On-demand mental health company Ginger.io scooped up $50 million in a series D round that was led by Advance Venture Partners and Bessemer Venture Partners. Participants also included Cigna Ventures and existing investors such as Jeff Weiner, executive chairman of Linkedin, and Kaiser Permanente Venture. The funds are earmarked to advance research and development, grow strategic partnerships and expand core work with employers.

In conjunction with the financing, Ginger added David ibnAle, a founding partner of Advance Venture Partners, and Steve Kraus, partner at Bessemer Venture Partners, to its board of directors.

“AVP invests in companies that are using technology to tackle large-scale, global challenges and transform traditional businesses and business models,” ibnAle said. “Ginger is doing just that.”

The round puts Ginger’s total funding to date at $120 million.

Record high demand

The series D round comes as COVID-19 is fueling increased demand for mental health services and virtual care solutions. According to the San Francisco-based company, nearly 70% of U.S. workers said the outbreak has caused unprecedented stress in their careers, more so than after the Sept. 11, 2001, terror attacks and the Great Recession of 2008. During the month of July, Ginger saw record-high demand for mental health support, with weekly utilization rates for coaching and therapy/psychiatry that were 125% and 265% higher, respectively, than pre-COVID-19 averages.

Russell Glass, Ginger’s CEO

“Our mental health care system has long been inadequate. But in the midst of a worldwide pandemic and a tumultuous sociopolitical climate, we’re facing uncharted territory,” said Russell Glass, Ginger’s CEO. “People are demanding better care, and the largest payers of health care are recognizing the need to respond. “Ginger is uniquely able to reverse the course of this crisis at scale. With this investment, we can accelerate our work to deliver incredible mental health care at a fraction of the cost to the hundreds of millions of people around the world who deserve it.”

Collaborative care model

Spun out of the MIT Media Lab in 2010, Ginger’s app-based mental health offering employs a collaborative care model, with health coaches, therapists, psychiatrists and evidence-based content all brought together under one virtual roof, Glass told BioWorld. “Upon joining Ginger, our members have access to a behavioral health coach within 60 seconds, any time of day or night.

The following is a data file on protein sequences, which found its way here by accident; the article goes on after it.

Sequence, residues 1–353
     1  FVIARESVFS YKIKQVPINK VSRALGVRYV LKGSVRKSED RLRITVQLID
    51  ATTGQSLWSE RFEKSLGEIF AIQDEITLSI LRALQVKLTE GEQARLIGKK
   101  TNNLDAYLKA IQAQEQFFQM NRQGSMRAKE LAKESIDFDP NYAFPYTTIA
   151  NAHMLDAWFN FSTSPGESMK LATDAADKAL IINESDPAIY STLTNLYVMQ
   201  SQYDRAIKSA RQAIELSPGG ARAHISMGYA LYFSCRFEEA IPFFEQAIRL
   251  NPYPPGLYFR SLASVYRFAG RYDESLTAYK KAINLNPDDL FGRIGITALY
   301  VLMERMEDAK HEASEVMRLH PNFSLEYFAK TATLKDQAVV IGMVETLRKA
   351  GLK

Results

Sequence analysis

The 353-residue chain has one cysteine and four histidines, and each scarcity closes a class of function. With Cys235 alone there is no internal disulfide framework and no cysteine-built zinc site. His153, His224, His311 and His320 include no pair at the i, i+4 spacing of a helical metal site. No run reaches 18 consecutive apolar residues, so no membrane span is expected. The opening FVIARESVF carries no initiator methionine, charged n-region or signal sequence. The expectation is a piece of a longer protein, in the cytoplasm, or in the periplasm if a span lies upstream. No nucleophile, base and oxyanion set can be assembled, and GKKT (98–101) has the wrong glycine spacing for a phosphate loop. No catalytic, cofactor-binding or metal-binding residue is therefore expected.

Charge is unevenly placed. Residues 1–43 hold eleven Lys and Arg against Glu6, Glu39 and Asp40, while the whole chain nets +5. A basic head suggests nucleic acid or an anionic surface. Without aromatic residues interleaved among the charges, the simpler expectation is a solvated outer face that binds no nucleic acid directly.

These coaches help members manage issues ranging from daily stress and anxiety to mild depression. If a member needs more mental health support, a therapist or psychiatrist is added to their team.

The collaborative approach improves outcomes and saves money, said Glass. “Ginger costs 3.4x less than a therapy network, because we treat people more efficiently using evidence- and measurement-based care to get members healthier, faster. For those who engage in Ginger’s programs and services, we reduce their medical costs by approximately 17 percent and indirect costs 46 percent.”

That kind of savings could save lives by expanding access to mental health services. According to a 2017 Peterson Center on Healthcare-Kaiser Family Foundation survey, 13% of respondents said they or a family member went without needed mental health care because they couldn’t afford the cost. Another 12% said they forewent mental health care because their insurer didn’t pay for it.

People are struggling

Glass said COVID-19 has increased people’s concerns about financial stress, loneliness and isolation, worry about family and loved ones, relationship and parenting issues and general fear of the unknown. In mid-June, the company’s coaches reported that conversations with members were 26% more intense than before the pandemic, based on a five-point scale. Members also had record high levels of depression symptoms at intake, as measured by the Patient Health Questionnaire-2, a screening tool for mental health disorders.

“Clearly, workers have been struggling under the constant stage or uncertainty and foundational changes to both their personal and professional lives,” he said.

Despite the upsurge in demand, Ginger has not needed to do any significant hiring, Glass said. Median response time has remained flat and in some cases improved – i.e., 44 seconds to a coach and 10.5 hours to a therapist or psychiatrist – and effectiveness rates have also remained high, with 70% of people reporting improvement in 10 to 14 weeks. On a 5-star user satisfaction scale, Ginger averages 4.7.

Use of proceeds

To bend the supply/demand imbalance in mental health care and speed access to on-demand services, Ginger is targeting the new investment at three key areas. It will continue to focus on leveraging technology to help scale high-quality, cost-effective care for its members, while also enhancing the experience for care providers. The funds will also be used to advance the company’s peer-reviewed research efforts. Last week, the company announced the formation of an advisory board comprised of world-renowned researchers, data scientists and employee benefits experts.

In addition, Ginger will work to expand its partnerships with national and regional health plans and other strategic partners to increase access to mental health care. And it ramp up its efforts with its core business, employers. “Now more than ever, employers have a responsibility to support the mental health of their employees,” Glass said.

With the series D financing wrapped up, Glass declined to comment on a possible exit strategy for the company. “We can tell you that we are very confident in our ability to execute on our plan, which includes continued exponential growth and a near-term path to profitability,” he said.

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